Day three of our CBF adventure has been marked by a vast array of emotions and experiences. On the one hand, our group of 12 students and two guides have enjoyed periods of raucous laughter or quiet giggles, all while frantically trying to remember each other’s names. On the other hand, though, today we travelled around the Ypres Salient, visiting cemeteries and battlefields alike, and those somber moments were punctuated by feelings of deep sadness, great respect, and eternal gratitude. Seeing the Canadian monument at St. Julien, the thousands upon thousands of headstones at Tyne Cot, the actual ridges that dictates the Battle of Passchendaele, the craters at the Hill 60 Memorial Park and more, all had, I think, an incredible impact on the whole group. These are the events that we have studied and learned, and still, the sites themselves are always the most powerful class-rooms. A moment that particularly stood out for me was at a small Commonwealth Cemetary near Mount Sorrel, in which we wandered for nearly 30 minutes, reading through the headstones. The British headstones usually bear the epigraph “Known Unto God”; Canadian headstones, though, have varying quotations-some are biblical quotes, some are Shakespeare, some have nothing, and some have messages. In a far corner, is the headstone of Private John McGunigal, of the 49th Canadian Battalion. His words read: “Just a though of sweet remembrance, by Mother.” In moments like this, when visiting cemetery after cemetery and seeing name after name, it’s entirely possible, and almost easy, to forget, or ignore, that these were real people, and that the families they left behind were forever changed by their sacrifice. In future, whenever I feel close to forgetting that fact, I hope that I’ll think of Private McGunigal and his Mother, and remember.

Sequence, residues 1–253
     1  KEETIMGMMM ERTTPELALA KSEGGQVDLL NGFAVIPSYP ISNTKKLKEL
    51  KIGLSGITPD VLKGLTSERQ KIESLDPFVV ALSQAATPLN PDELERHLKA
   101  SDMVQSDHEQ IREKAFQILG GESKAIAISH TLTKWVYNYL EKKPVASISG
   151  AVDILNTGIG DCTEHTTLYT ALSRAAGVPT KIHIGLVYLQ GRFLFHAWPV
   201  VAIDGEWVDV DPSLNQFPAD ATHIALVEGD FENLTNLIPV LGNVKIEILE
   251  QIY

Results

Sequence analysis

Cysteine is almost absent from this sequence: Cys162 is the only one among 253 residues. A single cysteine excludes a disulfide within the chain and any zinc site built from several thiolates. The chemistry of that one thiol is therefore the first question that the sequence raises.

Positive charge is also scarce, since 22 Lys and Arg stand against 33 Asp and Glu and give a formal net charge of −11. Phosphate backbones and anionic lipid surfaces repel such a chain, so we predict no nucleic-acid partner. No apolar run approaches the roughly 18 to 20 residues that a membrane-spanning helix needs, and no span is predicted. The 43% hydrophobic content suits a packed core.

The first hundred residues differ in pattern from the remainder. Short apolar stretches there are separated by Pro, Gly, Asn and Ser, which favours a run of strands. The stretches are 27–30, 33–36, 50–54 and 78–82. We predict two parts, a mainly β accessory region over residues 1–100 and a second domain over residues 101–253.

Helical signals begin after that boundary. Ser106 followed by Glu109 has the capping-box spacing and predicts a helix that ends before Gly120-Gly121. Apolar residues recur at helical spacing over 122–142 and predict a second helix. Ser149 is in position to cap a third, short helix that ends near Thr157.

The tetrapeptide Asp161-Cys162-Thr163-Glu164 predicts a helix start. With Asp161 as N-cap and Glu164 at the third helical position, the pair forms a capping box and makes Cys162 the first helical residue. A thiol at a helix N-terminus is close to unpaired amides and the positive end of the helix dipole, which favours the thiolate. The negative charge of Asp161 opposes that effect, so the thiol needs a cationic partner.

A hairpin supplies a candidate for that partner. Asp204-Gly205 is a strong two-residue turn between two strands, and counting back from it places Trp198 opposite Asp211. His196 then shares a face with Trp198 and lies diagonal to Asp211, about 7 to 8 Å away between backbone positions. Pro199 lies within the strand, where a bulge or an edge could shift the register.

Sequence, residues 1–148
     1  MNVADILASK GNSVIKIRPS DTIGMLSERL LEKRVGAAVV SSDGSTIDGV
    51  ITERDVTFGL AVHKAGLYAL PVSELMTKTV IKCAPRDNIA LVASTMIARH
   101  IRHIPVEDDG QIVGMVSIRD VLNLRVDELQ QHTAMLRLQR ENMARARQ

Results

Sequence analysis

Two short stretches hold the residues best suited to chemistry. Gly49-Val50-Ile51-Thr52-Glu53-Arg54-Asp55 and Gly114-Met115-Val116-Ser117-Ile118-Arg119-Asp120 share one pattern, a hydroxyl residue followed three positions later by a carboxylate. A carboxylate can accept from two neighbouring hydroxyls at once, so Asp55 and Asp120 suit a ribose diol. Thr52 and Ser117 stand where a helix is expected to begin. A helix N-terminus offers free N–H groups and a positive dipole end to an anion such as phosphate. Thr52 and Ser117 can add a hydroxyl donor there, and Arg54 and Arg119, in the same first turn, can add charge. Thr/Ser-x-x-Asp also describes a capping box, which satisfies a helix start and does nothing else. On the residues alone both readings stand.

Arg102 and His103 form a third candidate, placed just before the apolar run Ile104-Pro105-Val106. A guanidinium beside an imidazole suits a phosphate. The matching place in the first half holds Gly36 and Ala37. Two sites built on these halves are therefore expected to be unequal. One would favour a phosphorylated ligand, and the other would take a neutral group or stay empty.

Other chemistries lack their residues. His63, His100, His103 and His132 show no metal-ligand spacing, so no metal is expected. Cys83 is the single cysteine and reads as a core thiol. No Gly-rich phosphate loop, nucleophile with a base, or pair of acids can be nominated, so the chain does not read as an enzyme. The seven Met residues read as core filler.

— Cora Jackson